- *To care for a child whose school or place of care has been closed or whose childcare provider is unavailable due to COVID-19.
If the employee is a healthcare provider or an emergency responder, the employer may elect to exclude them from the emergency paid sick leave requirements.
Critically for California employers, this paid sick leave must be provided in addition to any existing paid sick leave provided by the employer. Employers may not require employees to exhaust other paid leave or to find another employee to cover their work hours as conditions of using leave under the Act.
Emergency paid sick leave must generally be paid at the employee’s regular rate of pay and is capped at $511 per day and $5,100 total. However, when the leave is taken for a purpose marked with an asterisk above, the leave may be paid at two-thirds of the employee’s regular rate of pay and is capped at $200 per day and $2,000 total.
Failure to provide or properly pay for such leave will be deemed a minimum wage violation and will subject the employer to additional penalties.
Employers are required to post a notice regarding employee’s entitlement to such leave. Within 7 days of enactment of the Act, the Sectary of Labor is required to make available a sample notice that employers may use to meet this obligation.
Job Protection Status
Both forms of leave under the Act are job-protected leaves. This means that employees returning from leave must be restored to the same or an equivalent position.
This requirement, however, does not apply to an employer with less than 25 employees if the employee’s position no longer exists due to economic conditions or other changes in operations caused by the public health crisis during the employee’s leave. Even in these situations, however, the employer must make efforts to contact the employee and provide reinstatement if an equivalent position becomes available within one-year of the date (1) the qualifying circumstances related to the public health crisis ends; or (2) that falls 12 weeks after the beginning of the employee’s leave, whichever is earlier.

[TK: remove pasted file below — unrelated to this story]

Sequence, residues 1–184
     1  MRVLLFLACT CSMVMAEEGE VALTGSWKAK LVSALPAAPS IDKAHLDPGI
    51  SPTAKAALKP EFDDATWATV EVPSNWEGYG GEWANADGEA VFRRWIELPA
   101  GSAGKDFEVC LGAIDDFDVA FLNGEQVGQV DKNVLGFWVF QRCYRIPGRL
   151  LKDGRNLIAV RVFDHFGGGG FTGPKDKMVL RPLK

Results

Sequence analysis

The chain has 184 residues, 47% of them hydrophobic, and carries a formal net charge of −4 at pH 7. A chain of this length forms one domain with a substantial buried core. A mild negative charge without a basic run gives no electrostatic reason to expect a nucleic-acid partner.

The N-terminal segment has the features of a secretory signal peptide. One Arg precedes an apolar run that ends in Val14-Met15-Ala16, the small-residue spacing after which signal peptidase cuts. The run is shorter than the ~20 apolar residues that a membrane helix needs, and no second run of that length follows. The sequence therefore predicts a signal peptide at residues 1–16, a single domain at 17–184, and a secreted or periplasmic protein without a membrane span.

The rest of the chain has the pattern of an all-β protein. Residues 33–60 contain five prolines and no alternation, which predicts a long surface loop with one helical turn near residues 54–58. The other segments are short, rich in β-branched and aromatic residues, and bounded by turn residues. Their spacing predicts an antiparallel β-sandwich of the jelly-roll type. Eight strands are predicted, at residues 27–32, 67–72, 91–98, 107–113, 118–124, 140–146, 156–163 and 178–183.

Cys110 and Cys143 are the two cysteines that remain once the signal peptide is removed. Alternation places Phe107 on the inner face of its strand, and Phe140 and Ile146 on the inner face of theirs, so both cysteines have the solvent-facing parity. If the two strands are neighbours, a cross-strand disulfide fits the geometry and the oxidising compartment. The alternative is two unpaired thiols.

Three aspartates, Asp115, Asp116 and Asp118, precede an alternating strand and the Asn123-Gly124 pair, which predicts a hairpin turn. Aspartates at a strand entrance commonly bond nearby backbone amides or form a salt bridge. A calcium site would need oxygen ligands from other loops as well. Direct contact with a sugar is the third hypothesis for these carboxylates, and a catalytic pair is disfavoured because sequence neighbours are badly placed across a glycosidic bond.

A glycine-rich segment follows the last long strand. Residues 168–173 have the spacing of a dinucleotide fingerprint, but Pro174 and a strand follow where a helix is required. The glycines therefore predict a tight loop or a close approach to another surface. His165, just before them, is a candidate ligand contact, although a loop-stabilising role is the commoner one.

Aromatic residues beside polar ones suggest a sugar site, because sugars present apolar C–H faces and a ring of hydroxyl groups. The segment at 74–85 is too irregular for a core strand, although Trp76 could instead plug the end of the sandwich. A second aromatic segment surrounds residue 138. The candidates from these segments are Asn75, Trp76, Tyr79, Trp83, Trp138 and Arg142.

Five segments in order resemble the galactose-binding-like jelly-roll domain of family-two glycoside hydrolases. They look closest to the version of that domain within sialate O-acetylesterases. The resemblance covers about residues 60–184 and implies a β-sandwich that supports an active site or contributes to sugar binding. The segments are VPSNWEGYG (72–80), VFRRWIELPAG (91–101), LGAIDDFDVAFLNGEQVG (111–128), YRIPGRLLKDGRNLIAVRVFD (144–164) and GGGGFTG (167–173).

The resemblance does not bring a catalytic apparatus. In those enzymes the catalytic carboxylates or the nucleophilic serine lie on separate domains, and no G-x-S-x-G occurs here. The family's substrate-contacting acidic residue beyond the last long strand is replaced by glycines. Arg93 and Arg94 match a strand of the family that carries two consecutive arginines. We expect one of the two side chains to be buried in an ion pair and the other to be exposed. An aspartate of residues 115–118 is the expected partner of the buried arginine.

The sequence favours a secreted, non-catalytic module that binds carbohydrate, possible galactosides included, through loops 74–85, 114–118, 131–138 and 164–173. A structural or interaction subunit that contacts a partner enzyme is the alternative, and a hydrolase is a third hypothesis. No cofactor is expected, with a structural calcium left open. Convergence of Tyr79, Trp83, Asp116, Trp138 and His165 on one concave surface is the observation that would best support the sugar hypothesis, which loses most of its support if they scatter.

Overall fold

The Act does not address whether employees may be required to submit documentation of the qualifying need for leave. However, the Centers for Disease Control has advised employers not to require a healthcare provider’s note for employees to validate their illness or return to work “as health care provider officers and medical facilities may be extremely busy and not able to provide such documentation in a timely way.”
Employers who pay for the benefits required under the Act are eligible to receive certain refundable tax credits which may be used against the employer portion of Social Security taxes, as follows:
- Equal to 100% of leave wages under the FMLA expansion paid by the employer each calendar quarter, capped at $200 per day and $10,000 for all calendar quarters.
- Equal to 100% of the qualified paid sick leave wages paid by an employer for each calendar quarter, capped at the applicable daily rates noted above.
Division D of the Act also approves provision of $1 billion in grants to states who comply with specific requirements for emergency unemployment insurance benefits. Half of this appropriation will be provided to the states within 60 days, while the remainder is reserved for states that experience an increase in benefits due by at least 10% over the corresponding calendar quarter in the prior year.
Kring & Chung, LLP is continuing to monitor and work with our clients to respond to federal, state, and local government responses to this evolving situation. Kyle D. Kring is a Managing Partner of Kring & Chung, LLP. He can be reached at (949) 261-7700 or [email protected]. Kerri N. Polizzi is an Associate of Kring & Chung, LLP. She can be reached at (949) 261-7700 or [email protected].